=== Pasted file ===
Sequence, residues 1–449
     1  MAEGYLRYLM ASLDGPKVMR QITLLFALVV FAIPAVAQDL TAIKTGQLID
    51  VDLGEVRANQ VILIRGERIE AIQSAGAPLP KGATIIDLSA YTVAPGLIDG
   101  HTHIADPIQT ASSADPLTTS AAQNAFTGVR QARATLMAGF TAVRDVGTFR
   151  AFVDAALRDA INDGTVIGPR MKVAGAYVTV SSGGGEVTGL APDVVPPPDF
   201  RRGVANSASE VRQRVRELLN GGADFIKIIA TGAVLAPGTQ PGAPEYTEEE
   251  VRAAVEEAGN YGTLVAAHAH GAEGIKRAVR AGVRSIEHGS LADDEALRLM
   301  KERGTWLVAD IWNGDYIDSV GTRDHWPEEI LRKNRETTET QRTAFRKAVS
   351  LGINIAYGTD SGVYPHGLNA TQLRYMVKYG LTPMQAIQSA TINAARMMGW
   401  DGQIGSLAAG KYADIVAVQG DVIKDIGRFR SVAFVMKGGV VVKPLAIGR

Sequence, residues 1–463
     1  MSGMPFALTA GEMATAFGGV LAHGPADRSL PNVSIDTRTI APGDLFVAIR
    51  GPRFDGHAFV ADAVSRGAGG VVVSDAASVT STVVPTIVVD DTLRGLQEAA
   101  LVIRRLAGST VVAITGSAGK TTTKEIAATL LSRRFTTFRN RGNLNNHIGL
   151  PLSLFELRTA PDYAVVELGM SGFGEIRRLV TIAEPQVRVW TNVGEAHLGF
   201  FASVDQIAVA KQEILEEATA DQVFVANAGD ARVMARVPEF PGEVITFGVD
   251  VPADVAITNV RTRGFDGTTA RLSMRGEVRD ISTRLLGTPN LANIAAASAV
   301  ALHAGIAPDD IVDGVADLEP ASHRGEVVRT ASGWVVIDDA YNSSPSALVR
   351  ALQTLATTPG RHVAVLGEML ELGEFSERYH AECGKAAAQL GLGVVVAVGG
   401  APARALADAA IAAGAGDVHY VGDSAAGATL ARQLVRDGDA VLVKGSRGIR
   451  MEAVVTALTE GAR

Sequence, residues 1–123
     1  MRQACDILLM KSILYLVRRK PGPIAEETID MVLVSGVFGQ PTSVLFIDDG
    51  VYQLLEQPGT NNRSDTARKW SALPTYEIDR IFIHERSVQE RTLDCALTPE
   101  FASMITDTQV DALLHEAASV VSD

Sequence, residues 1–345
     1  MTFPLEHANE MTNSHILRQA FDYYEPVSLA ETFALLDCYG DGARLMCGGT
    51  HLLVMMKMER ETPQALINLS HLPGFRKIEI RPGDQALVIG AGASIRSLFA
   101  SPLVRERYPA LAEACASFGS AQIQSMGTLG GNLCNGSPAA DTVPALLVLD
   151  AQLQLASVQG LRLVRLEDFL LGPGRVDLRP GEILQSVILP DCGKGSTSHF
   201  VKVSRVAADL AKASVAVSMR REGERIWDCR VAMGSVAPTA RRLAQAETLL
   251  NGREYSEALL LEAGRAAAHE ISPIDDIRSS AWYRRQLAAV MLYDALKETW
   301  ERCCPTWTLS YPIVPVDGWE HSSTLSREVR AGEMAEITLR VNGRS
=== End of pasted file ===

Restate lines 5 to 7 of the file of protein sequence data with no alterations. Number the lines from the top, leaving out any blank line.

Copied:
   151  AFVDAALRDA INDGTVIGPR MKVAGAYVTV SSGGGEVTGL APDVVPPPDF
   201  RRGVANSASE VRQRVRELLN GGADFIKIIA TGAVLAPGTQ PGAPEYTEEE
   251  VRAAVEEAGN YGTLVAAHAH GAEGIKRAVR AGVRSIEHGS LADDEALRLM